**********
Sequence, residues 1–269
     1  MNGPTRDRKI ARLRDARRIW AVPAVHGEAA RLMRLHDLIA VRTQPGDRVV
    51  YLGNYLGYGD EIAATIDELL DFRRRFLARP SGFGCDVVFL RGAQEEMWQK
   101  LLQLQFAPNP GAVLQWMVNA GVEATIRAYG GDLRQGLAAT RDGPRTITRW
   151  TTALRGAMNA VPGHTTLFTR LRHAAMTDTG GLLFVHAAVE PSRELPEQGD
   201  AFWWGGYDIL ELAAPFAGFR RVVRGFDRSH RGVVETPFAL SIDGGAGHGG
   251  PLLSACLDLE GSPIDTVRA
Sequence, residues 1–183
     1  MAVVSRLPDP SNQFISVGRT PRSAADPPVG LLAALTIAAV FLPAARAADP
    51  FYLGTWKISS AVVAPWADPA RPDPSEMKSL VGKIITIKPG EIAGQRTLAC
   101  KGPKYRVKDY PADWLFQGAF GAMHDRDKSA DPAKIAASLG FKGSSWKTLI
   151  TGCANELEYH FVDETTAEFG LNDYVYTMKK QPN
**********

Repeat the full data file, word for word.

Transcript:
Sequence, residues 1–269
     1  MNGPTRDRKI ARLRDARRIW AVPAVHGEAA RLMRLHDLIA VRTQPGDRVV
    51  YLGNYLGYGD EIAATIDELL DFRRRFLARP SGFGCDVVFL RGAQEEMWQK
   101  LLQLQFAPNP GAVLQWMVNA GVEATIRAYG GDLRQGLAAT RDGPRTITRW
   151  TTALRGAMNA VPGHTTLFTR LRHAAMTDTG GLLFVHAAVE PSRELPEQGD
   201  AFWWGGYDIL ELAAPFAGFR RVVRGFDRSH RGVVETPFAL SIDGGAGHGG
   251  PLLSACLDLE GSPIDTVRA
Sequence, residues 1–183
     1  MAVVSRLPDP SNQFISVGRT PRSAADPPVG LLAALTIAAV FLPAARAADP
    51  FYLGTWKISS AVVAPWADPA RPDPSEMKSL VGKIITIKPG EIAGQRTLAC
   101  KGPKYRVKDY PADWLFQGAF GAMHDRDKSA DPAKIAASLG FKGSSWKTLI
   151  TGCANELEYH FVDETTAEFG LNDYVYTMKK QPN